This is a great headboard to make for any bedroom. It takes just a little wood working skill and the use of a staple gun, batting and fabric. Mix in about 3 hours of your time and you’re done!
The headboard is two units (counting the 6 top layer panels). The back headboard is covered with fabric alone and the six top layer panels are covered with extra batting for thickness and then the fabric of your choice. For our purposes we constructed a headboard to fit a queen size bed, but this project can be used for any size bed. The steps to construct your own upholstered headboard are below.
- 3/4 inch plywood (large enough to be cut to the size of head board – ours for a queen headboard measured 42 inches by 63 inches)
- 3/4 inch MDF (medium density fiber board panel (for front head board panels)
- Package of high loft quilt batting
- Fabric to cover back board and front headboard panels
- Circular saw
- Drill with drill bits
- Staple gun with staples
- Upholstery tacks
- 1 1/2 inch drywall screws
- Measuring tape
- Pencil and marker
1. Cut the head board to size. Because of our queen sized bed, I cut the plywood to 42 inches high by 63 inches wide. Cut it using a circular saw and always use a guide to ensure straight cuts. Also, sand the edges after making the cut.
2. Use a staple gun to cover the entire front face of the head board back piece (the ¾” plywood) with the fabric of choice. The back piece only needs one layer of fabric.
Tip: If the staples don’t lie flat, give them a gentle tap with a hammer to secure them flush to the plywood.
3. Cut the front panels out of the MDF to the correct size for your size bed. (Ours were 21″ x 21″ square for a queen.) Use a circular saw to cut the MDF and always sand the edges after making the cut. Refer to the finished headboard photo to see the placement of the panels.
4. Staple several layers of batting over the 21 inch squares. The more layers, the thicker the panels and the more “cushion” for the headboard. Just remember when stapling you may need to tap the staples down flush with a hammer.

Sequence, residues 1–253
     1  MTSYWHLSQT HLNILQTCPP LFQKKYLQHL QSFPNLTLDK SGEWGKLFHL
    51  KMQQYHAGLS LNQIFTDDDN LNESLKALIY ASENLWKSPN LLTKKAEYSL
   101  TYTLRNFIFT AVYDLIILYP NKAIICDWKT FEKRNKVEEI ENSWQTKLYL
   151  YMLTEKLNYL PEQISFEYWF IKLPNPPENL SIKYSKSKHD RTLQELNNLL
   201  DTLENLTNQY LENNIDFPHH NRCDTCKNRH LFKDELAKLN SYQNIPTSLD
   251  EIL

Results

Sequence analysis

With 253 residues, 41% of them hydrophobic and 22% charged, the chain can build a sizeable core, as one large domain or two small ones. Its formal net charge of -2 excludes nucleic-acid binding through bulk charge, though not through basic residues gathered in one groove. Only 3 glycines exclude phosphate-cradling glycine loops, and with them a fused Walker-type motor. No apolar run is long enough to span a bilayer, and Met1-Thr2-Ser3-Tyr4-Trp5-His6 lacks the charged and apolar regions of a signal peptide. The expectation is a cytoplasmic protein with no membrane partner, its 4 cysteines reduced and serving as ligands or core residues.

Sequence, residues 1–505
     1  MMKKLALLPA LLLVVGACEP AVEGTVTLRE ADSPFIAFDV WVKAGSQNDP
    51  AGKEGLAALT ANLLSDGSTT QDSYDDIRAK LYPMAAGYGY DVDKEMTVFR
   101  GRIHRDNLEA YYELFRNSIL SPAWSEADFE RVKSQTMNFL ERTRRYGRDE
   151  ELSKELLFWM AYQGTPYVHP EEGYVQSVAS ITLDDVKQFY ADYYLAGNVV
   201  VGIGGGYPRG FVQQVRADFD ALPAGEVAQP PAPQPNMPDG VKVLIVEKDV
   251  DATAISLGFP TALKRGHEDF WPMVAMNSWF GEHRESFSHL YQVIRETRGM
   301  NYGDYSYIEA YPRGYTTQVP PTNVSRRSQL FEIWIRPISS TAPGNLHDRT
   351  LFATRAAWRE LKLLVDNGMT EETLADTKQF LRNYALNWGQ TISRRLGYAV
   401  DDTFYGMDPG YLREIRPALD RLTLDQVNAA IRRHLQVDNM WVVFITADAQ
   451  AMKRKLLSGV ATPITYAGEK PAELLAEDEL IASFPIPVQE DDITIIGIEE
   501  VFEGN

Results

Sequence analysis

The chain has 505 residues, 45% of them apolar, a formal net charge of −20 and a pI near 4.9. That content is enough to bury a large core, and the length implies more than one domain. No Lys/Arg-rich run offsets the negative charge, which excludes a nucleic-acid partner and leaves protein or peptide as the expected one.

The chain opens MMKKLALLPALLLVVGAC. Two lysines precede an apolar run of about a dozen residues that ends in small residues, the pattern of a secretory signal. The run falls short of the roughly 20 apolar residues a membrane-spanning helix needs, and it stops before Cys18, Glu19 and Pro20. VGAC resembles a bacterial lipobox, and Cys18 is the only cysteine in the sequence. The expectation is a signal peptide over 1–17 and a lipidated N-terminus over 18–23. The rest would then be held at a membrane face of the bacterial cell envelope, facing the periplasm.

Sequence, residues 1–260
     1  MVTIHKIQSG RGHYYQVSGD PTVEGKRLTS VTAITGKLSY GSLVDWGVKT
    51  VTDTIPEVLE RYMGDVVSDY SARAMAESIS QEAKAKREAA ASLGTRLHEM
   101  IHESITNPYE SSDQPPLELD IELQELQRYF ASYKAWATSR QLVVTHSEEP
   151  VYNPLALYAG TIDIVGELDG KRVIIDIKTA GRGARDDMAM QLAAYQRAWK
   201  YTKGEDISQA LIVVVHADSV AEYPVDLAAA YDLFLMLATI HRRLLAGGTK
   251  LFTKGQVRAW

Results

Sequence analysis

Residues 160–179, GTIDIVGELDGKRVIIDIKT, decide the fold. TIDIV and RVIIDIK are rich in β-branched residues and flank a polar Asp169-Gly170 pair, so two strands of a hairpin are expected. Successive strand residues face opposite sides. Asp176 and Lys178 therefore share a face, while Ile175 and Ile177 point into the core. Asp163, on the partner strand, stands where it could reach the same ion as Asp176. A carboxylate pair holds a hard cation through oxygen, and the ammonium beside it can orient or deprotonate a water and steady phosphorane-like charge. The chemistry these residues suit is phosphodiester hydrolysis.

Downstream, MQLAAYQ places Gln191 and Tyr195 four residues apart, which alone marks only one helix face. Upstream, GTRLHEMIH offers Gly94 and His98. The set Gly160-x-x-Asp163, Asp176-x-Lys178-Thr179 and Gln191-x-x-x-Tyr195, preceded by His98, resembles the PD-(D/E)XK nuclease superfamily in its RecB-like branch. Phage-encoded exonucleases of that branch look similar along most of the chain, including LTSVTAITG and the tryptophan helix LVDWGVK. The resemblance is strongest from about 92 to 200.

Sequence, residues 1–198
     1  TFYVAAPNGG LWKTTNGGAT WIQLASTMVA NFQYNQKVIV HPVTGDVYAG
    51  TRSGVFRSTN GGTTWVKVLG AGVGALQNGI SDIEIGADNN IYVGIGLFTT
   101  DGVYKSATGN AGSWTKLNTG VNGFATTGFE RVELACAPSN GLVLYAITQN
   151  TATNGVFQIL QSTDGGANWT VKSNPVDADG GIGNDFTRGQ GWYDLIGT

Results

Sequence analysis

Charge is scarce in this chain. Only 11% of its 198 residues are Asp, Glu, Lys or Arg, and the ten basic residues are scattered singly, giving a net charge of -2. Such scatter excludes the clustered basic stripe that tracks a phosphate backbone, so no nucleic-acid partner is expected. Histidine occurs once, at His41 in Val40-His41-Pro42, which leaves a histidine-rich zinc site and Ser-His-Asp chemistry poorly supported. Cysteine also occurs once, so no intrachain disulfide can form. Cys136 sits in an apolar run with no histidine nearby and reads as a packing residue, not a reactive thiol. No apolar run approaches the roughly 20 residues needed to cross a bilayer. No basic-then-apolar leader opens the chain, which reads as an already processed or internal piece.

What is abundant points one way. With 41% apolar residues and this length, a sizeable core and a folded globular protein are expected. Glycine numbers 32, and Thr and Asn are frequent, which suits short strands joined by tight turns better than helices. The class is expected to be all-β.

5. Apply the top layer of fabric over the squares using the staple gun.
Tip: When stapling the fabric and the batting, make sure you work from the center out, spacing the staples several inches apart while also making sure the fabric stays stretched and tight.
6. Wrapping the fabric around the corners is like wrapping a present, start in the corner and pull the fabric tight.
Then, fold the sides over and staple, checking to make sure the corner looks neat and sharp from the front where everyone will see it!
7. To attach the top panels to the back head board, we used 1 1/2 inch drywall screws secured from the back side of the back headboard panel into the back of the front panel squares.
8. We found it helpful to lay out the panels on the back of the back head board to locate where the screws need to be place. Use a marker and a ruler to lay out the guide.
9. Drill pilot holes through the back and through the fabric. Take your time when drilling through the fabric, it could snag the drill bit and pull the fabric.
10. Attach each square to the back head board starting in one corner and working your way across the top and then do the bottom row.
11. Once the panels are secured, use upholstery tacks and outline the edge of the back head board with tacks, spacing them out about 1 inch apart.
12. Secure the head board to the wall using heavy duty mirror hanging hooks attached to the back of the head board. Draw a light level line at the height where the hooks will be located on the wall. Use self anchoring molleys in the wall and insert screws into the molleys. Hang the head board in position.
This project took Shari and I about 3 hours total, but add to that the time it takes to shop for and select the materials. You should be able to start this project in the morning and be able to watch the Tonight Show that night leaning against your new upholstered head board.